Mansfield Quake No Great Shakes Compared to Newcastle

By Glenn Dyer | More Articles by Glenn Dyer

In the wake of this week’s Victorian earthquake and all the commentary it produced, not too many people remembered the smaller but much more damaging quake that battered Newcastle in December, 1989.

The Newcastle earthquake was Australia’s most damaging quake, something ignored by all the chattering in the wake of the Mansfield rattler across Victoria

Amid all the breathless comparison about earthquakes in Australia this week, Newcastle, 1989 was ignored. The Australian Financial Review for example ran a handy table showing the top 10 quakes recorded in Australia.

The final listing was a 6.1% trembler in WA in 1979. It missed the worst quake ever in this country – not in terms of its Richter Scale estimate but in the amount of death and damage caused.

In fact there is no comparison between Mansfield, 2021 and Newcastle 1989 – the latter was a killer.

The 1989 Newcastle earthquake occurred on Thursday, 28 December. The shock measured 5.6 on the Richter magnitude scale and was one of Australia’s most serious natural disasters, killing 13 people and injuring more than 160.

The damage bill was $A4 billion in 1991 dollars – more than double that figure today. It was the first quake in Australia to cause casualties.

The Mansfield quake yesterday at 5.9% was stronger, but not deadly or as damaging, even though the amount of energy was estimated to be twice as much.

In Newcastle it was a very different story in late 1989.

The highest death toll and damage occurred when the floor at the Newcastle Workers Club collapsed, killing 9 people and trapping more in the rubble.

Another three people were crushed to death when masonry from building façades collapsed onto awnings on Beaumont Street, Hamilton, an inner-city suburb (They were lucky in Chapel Street in Melbourne on Wednesday with hardly anybody about because of the lockdown).

The Newcastle quake is estimated to have lasted at most 5 seconds, unlike the Mansfield quake which could have gone 15 seconds or more according to eyewitness reports.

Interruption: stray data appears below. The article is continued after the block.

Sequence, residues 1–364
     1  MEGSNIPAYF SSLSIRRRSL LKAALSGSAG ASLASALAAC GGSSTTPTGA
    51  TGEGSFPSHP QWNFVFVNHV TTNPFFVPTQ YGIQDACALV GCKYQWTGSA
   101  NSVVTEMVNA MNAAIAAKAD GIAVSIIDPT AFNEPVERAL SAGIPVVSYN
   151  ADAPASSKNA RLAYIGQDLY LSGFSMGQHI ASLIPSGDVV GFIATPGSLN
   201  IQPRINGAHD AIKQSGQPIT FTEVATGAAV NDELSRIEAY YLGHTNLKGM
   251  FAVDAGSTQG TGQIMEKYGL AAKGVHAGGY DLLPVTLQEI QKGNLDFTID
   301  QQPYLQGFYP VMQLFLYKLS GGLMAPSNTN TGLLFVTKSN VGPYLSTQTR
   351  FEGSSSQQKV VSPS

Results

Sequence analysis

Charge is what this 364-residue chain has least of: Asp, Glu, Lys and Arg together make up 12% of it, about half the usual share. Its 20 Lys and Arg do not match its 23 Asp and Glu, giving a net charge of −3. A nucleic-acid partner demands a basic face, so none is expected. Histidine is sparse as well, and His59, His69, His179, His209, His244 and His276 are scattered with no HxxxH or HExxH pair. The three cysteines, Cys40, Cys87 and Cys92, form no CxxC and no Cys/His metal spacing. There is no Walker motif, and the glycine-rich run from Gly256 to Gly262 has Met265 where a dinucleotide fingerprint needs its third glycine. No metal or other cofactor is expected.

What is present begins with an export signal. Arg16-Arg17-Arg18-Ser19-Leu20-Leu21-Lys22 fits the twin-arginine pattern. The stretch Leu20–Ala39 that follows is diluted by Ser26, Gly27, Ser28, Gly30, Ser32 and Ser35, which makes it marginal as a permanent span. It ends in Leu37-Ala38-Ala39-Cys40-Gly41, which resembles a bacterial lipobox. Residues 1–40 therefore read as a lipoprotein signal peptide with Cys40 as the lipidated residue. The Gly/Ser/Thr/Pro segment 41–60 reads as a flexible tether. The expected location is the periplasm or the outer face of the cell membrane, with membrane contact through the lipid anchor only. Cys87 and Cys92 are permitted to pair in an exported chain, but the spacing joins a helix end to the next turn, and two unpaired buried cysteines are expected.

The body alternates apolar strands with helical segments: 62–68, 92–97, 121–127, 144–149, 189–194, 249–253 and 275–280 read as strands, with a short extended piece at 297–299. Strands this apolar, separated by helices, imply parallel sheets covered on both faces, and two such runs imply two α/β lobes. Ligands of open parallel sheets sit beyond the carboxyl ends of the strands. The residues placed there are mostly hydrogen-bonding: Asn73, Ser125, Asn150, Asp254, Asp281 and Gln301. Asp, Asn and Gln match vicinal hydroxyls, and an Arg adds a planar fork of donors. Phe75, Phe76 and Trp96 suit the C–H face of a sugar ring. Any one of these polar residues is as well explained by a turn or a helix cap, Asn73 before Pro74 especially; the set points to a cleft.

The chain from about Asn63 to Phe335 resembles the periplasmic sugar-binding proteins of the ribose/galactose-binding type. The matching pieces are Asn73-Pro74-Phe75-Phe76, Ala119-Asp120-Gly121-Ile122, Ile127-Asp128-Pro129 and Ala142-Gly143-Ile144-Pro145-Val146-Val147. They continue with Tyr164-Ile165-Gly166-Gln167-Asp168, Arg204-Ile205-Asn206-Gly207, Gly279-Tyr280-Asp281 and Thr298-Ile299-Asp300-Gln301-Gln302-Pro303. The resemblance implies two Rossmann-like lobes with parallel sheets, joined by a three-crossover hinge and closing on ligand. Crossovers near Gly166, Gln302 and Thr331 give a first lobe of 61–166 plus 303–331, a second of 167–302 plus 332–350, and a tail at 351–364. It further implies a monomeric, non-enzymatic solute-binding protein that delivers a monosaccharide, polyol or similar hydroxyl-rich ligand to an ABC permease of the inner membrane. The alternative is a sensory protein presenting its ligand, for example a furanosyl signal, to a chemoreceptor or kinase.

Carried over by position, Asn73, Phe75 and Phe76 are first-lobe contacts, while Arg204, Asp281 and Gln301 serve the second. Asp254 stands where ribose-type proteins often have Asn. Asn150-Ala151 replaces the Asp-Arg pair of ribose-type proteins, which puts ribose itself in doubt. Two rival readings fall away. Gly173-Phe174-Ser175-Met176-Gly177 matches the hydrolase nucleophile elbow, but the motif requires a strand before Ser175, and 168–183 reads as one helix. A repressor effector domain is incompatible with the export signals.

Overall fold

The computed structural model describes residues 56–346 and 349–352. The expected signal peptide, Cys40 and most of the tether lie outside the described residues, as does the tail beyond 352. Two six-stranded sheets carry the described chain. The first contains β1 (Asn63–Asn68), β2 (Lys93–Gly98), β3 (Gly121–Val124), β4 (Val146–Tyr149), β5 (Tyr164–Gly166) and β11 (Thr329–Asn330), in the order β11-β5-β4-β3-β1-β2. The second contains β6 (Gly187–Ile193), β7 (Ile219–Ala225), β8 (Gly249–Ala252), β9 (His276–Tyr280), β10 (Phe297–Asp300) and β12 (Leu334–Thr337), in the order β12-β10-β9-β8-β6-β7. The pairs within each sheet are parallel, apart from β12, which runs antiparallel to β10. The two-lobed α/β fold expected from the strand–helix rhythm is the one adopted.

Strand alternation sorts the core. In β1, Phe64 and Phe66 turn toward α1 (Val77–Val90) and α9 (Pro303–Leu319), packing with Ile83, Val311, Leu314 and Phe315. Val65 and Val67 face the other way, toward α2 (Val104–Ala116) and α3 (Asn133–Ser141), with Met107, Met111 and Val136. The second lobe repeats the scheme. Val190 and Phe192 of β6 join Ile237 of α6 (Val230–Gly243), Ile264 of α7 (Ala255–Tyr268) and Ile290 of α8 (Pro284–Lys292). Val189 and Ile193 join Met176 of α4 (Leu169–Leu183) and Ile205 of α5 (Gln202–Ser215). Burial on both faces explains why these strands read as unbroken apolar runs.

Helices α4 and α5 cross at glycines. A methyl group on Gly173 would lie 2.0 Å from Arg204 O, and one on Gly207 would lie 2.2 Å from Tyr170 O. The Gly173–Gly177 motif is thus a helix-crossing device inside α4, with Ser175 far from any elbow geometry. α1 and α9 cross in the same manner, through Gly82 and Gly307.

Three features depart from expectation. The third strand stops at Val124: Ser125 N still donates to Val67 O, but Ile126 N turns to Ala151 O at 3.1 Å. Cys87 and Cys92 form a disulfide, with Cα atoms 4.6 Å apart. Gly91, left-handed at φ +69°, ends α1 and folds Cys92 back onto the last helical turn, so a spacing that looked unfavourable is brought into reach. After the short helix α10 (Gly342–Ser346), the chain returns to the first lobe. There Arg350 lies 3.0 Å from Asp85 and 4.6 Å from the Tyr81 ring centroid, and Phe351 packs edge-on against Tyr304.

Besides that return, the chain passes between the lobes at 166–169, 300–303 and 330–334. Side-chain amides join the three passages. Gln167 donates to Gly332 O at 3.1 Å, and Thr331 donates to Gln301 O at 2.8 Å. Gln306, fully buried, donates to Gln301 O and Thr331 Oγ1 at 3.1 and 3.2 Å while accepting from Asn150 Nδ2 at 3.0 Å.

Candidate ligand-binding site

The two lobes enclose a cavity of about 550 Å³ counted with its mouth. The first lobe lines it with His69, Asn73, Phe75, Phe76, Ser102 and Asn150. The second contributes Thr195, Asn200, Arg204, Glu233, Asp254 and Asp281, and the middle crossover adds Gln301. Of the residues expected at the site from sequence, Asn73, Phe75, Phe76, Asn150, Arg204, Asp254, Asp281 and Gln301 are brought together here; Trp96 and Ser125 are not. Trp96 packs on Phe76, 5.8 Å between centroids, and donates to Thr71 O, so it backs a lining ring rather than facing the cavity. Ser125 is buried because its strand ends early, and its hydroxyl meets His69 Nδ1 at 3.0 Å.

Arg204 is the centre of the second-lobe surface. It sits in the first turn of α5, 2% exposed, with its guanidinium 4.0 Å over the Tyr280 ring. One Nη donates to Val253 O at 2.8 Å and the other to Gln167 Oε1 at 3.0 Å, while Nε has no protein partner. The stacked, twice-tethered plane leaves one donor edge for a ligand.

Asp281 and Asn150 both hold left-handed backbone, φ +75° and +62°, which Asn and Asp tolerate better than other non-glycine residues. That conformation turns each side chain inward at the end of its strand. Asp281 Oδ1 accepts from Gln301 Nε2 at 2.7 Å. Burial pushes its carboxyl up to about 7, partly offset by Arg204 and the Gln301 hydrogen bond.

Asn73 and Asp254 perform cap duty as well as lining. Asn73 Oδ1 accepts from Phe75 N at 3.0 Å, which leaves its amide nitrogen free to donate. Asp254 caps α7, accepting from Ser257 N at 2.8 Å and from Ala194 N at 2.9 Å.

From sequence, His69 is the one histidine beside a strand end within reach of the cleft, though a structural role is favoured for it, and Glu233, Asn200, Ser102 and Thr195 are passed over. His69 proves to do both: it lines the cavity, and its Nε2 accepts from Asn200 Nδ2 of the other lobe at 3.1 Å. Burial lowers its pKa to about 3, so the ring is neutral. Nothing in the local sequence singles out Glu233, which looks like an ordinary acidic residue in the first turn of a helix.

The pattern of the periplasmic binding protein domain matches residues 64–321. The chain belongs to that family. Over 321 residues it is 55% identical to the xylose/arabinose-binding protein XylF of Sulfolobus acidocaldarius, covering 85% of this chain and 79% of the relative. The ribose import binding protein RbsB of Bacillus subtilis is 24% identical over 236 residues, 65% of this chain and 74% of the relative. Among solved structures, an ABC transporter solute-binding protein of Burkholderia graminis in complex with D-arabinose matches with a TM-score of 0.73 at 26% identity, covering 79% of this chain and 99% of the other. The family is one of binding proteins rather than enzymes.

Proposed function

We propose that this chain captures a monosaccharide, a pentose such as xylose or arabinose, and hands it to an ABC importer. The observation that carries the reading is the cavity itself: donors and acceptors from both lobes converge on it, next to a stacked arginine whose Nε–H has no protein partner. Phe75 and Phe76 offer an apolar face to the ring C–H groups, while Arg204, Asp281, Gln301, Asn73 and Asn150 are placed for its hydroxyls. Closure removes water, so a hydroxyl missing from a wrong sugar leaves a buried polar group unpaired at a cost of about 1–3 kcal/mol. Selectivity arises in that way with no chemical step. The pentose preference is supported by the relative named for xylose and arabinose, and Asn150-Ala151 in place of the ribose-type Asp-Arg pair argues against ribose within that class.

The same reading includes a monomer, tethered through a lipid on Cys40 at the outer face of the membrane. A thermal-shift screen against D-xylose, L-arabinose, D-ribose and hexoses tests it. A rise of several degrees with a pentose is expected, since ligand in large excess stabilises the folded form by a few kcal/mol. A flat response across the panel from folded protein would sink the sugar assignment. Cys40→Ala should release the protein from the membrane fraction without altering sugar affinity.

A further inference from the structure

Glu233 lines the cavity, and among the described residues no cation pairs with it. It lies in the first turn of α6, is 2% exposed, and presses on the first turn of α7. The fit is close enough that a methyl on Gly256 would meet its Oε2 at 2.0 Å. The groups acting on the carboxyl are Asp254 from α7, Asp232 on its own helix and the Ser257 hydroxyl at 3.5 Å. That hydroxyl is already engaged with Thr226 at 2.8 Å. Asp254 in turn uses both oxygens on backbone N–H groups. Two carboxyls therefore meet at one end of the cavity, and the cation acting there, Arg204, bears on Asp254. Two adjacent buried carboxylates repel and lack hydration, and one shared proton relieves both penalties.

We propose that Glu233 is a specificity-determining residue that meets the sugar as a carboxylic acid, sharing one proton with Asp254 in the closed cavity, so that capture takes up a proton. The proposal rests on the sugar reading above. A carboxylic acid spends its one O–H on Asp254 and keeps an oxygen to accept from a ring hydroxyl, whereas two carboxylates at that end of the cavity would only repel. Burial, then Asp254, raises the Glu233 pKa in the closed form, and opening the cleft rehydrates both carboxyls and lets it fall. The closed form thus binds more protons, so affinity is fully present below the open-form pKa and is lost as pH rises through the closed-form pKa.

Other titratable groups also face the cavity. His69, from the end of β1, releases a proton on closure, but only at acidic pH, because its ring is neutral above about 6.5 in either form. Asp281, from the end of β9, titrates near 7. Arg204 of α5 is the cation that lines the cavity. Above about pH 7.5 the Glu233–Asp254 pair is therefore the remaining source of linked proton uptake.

The Newcastle earthquake damaged more than 35,000 homes, 147 schools, and 3,000 commercial and/or other buildings, with significant damage caused to 10,000 homes (damage worth over $1,000) and 42 schools (structural damage). 300,000 people were affected and 1,000 made homeless for varying periods of time.

A major reason for the damage was the number of poorly built, older buildings and homes constructed on reclaimed land around the Hunter River and other streams.

Some later analysts have blamed coal mining under Newcastle for the quake’s damage, but the poor construction and lack of maintenance on many buildings played a more significant part. The focus was the quake was estimated at 13 to 14 kilometres under that part of Australia in the earth’s upper crust.

The quake triggered what’s called liquefaction – that’s where the ground shakes and sand and soil in the areas of alluvial deposits and reclaimed areas turns to liquid and the building above lose their footings and collapse.

That was also the main reason for the terrible damage and loss of life in the 2011 quake in Christchurch in NZ.

So what’s the damage with Mansfield? It’s still too early to day.

On Thursday, The Insurance Australia Group said it had received 435 insurance claims relating to the quake, and have warned this number could continue to rise.

The general insurer, that owns brands including NRMA, CGU, SGIO, SGIC and WFI, said it was “too early to determine the extent of the financial impact of the event” in a statement released to the ASX.

IAG said the claims were a mix of personal and commercial claims related to property damage from the magnitude 6 earthquake.

Brisbane-based insurer Suncorp said on Thursday it has only received a small number of claims related to the Victorian earthquake, and CEO, Steve Johnston made a very good point – it will be hard for insurers and their assessors to check out and process the claims with the current Covid travel restrictions.

And that will cause delays to people making claims.

Another major insurer, Allianz says claims related to the Victorian earthquake have jumped from 70 to 300 from Wednesday to Thursday.

The total cost of these claims is estimated to be $5 million at this stage as insurers assess the property damage from the earthquake that hit Melbourne on Wednesday.

The bulk of the initial claims were related to “minor cracking” while other customers have experienced “more extensive damage”, Allianz said in a statement.


About Glenn Dyer

Glenn Dyer has been a finance journalist and TV producer for more than 40 years. He has worked at Maxwell Newton Publications, Queensland Newspapers, AAP, The Australian Financial Review, The Nine Network and Crikey.

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